Processing Methods for Reaching Full Density Powder Metallurgical Materials
Powder metallurgy (PM) is one of the most cost effective methods for manufacturing structural components with complex shapes. Utilisation of the metal powder to shape the components allows to minimise material waste and increase energy efficiency. However, with the increased usage of PM parts in high performance applications, there is a demand for components with properties that can withstand extreme loading conditions and are equivalent or better than the properties of their wrought counterparts. The PM steels fabricated with press and sinter, even with all its advantages have limitations due to the presence of residual porosity. Hence, reaching full density is necessary to meet the high performance demands. The scope of this study covers different approaches of powder consolidation with the aim of reaching near full density. Liquid phase sintering and double pressing-double sintering approach for water atomised powders, high velocity compaction approach for agglomerated gas atomised powders, and finally additive manufacturing approach to produce samples with almost full density were utilised. These approaches were complimented by capsule free hot isostatic pressing (HIP) to reach full density and improve component performance.
The liquid phase sintering approach utilised is based on addition of Ni-Mn-B master alloy for enhanced sintering and densification. The results obtained clearly indicated that the master alloy addition effectively enhances the densification process through the liquid phase generation. The mechanical properties were improved when boron content was optimised from 0.2 to 0.12 wt. %. Density levels up to 98% were realised after sintering with addition of this master alloy.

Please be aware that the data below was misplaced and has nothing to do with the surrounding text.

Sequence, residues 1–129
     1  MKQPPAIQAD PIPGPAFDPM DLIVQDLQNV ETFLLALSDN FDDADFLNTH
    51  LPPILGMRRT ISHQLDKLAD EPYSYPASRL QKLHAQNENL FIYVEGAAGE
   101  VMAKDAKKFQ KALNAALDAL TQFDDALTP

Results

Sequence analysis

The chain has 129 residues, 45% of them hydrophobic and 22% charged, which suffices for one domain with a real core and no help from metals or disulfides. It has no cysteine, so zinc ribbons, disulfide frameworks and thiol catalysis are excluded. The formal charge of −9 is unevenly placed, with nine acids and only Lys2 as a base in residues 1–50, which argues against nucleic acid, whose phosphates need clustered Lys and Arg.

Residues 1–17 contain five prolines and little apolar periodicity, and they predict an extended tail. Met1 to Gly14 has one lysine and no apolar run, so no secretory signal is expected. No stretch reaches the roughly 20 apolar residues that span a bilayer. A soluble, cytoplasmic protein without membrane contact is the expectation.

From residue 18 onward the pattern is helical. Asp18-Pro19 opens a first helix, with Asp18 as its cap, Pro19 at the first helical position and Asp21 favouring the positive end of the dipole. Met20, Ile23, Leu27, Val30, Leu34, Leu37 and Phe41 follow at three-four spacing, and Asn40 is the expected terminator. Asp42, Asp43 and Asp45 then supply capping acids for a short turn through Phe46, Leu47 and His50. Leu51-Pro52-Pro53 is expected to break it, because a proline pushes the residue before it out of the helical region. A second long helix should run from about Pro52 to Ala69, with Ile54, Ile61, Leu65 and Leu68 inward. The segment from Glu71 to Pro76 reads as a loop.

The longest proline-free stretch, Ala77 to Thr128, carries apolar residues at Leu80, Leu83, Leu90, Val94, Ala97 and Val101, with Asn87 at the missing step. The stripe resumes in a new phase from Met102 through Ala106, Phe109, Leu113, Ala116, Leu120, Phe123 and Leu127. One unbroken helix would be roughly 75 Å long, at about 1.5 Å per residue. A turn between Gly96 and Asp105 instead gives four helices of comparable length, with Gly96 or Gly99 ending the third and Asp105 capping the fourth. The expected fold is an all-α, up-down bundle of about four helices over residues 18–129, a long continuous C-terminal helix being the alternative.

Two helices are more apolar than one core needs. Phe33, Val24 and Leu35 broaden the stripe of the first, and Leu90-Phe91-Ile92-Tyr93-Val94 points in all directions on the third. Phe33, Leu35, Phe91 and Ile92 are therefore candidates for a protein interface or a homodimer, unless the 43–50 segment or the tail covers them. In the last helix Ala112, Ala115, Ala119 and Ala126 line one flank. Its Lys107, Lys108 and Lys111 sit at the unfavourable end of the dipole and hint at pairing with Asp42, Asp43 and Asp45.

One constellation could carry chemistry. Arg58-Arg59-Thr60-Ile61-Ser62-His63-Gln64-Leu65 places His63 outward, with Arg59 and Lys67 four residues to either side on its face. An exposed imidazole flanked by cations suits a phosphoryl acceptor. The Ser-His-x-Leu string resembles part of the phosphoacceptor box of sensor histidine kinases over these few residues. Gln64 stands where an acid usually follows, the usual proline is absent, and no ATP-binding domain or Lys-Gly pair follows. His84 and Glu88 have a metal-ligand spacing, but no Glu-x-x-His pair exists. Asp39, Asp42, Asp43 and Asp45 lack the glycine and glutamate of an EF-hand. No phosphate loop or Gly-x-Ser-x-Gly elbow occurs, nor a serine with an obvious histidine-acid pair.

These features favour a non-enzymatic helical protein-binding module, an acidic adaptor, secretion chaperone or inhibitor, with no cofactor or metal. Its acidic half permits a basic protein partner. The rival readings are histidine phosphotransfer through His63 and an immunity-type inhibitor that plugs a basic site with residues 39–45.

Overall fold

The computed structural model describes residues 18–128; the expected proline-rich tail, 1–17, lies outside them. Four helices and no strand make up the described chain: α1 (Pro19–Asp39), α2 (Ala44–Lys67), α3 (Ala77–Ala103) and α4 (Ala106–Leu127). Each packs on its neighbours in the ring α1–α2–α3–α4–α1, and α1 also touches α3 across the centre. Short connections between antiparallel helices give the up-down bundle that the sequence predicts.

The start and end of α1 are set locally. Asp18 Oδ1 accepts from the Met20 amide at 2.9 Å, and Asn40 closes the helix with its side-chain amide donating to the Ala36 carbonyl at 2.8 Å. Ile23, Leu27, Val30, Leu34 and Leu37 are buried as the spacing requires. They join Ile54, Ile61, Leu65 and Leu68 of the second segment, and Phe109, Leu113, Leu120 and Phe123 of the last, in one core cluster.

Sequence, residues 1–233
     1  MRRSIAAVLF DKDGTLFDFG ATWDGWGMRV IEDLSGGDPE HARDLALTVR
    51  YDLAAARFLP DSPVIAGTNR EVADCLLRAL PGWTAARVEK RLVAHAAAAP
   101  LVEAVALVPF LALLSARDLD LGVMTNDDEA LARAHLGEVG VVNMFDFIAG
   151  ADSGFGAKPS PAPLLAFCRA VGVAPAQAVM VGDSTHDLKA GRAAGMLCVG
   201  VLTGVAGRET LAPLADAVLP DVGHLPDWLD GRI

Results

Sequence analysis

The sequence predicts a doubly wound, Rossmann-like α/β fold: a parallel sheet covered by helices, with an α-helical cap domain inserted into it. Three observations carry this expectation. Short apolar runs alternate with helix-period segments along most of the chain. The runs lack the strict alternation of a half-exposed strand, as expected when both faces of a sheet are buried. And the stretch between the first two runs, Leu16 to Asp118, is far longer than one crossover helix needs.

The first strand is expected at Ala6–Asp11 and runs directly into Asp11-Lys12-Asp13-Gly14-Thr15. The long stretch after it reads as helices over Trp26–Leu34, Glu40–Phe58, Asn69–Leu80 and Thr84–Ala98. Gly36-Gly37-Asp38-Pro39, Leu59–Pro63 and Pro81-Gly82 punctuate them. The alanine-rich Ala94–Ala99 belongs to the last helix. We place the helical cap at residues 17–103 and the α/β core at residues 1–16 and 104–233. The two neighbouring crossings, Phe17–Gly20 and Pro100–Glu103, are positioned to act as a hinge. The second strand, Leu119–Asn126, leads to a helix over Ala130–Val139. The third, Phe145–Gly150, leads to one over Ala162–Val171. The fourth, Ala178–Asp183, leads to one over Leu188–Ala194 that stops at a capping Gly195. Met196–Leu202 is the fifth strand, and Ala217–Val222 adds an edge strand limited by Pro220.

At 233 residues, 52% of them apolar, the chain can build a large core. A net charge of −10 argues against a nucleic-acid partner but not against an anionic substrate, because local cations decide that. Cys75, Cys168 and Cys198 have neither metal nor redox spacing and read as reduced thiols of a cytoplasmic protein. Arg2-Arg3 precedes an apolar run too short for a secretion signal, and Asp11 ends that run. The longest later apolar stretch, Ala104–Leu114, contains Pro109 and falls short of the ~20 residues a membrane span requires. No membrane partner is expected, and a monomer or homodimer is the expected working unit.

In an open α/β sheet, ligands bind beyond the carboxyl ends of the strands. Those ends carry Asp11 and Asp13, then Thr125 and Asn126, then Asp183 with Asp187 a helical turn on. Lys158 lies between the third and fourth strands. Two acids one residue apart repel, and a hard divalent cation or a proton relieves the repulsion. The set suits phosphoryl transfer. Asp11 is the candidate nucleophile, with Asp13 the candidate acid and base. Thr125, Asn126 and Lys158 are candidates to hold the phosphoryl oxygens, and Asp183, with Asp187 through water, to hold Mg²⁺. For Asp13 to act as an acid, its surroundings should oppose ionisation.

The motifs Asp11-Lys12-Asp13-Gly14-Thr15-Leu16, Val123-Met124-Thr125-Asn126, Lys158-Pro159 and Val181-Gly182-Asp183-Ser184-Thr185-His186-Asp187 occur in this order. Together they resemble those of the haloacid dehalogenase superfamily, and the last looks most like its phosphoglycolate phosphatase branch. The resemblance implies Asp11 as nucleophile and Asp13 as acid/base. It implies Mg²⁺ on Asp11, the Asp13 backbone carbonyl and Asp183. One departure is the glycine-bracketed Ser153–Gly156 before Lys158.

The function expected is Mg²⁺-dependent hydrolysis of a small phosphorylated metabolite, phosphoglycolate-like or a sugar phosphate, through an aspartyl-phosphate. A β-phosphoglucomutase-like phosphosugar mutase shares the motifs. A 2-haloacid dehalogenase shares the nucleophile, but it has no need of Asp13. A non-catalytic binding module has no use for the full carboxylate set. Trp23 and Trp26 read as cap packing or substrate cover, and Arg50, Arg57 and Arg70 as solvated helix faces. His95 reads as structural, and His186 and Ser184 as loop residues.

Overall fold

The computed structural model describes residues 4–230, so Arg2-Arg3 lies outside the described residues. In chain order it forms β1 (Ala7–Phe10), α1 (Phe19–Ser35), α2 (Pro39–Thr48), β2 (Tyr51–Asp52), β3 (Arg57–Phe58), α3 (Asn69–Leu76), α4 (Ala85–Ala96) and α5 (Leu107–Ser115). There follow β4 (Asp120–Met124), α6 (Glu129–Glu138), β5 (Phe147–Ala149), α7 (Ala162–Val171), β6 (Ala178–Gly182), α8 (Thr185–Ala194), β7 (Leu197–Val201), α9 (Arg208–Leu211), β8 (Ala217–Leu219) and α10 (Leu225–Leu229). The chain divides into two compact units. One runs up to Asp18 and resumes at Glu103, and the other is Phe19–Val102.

In the double pressing-double sintering process, cylindrical and gear samples, fabricated from water atomised powder, prealloyed with Mo were studied. The studies included the comparison of using both standard and fine (<63µm) powder for the compacts investigated. The process route provides pore free surface and full density is then realised by means of subsequent HIP after second sintering. Fine powder shows better densification but the density variation after the first pressing persists as a low density region in the middle of the compact, i.e. at the neutral zone. Hence, optimisation during first pressing is necessary in order to avoid this phenomenon.
High velocity compaction (HVC) is a means of tailored densification. There is an industrial processing route that takes advantage of this effect, involving conventional pressing of agglomerated gas-atomised powder and sintering followed by HVC re-strike and hot isostatic pressing for reaching full density. In this study, the said approach was evaluated for agglomerated alloyed tool steel powder type 100Cr6 when processed to reach almost full density of about 99.5% relative density.
The additive manufacturing approach includes the assessment of material fabricated by means of electron beam melting (EBM), involving both solid and shell samples from Ti-6Al-4V powder. The studies showed that either samples were printed solid or as shells filled with powder, the subsequent HIP led to full densification. Furthermore, good bonding between the shell and the interior material was obtained after HIP.
The above presented approaches all represent ways of achieving full density. Based on the analysis of the different methods it can be concluded that the combination of the tailored alloy concepts and consolidation techniques allows manufacturing complex-shaped full-density components for high-performance applications.
gas atomised powder
water atomised powder
high density powder metallurgical materials
liquid phase sintering
high velocity compaction
hot isostatic pressing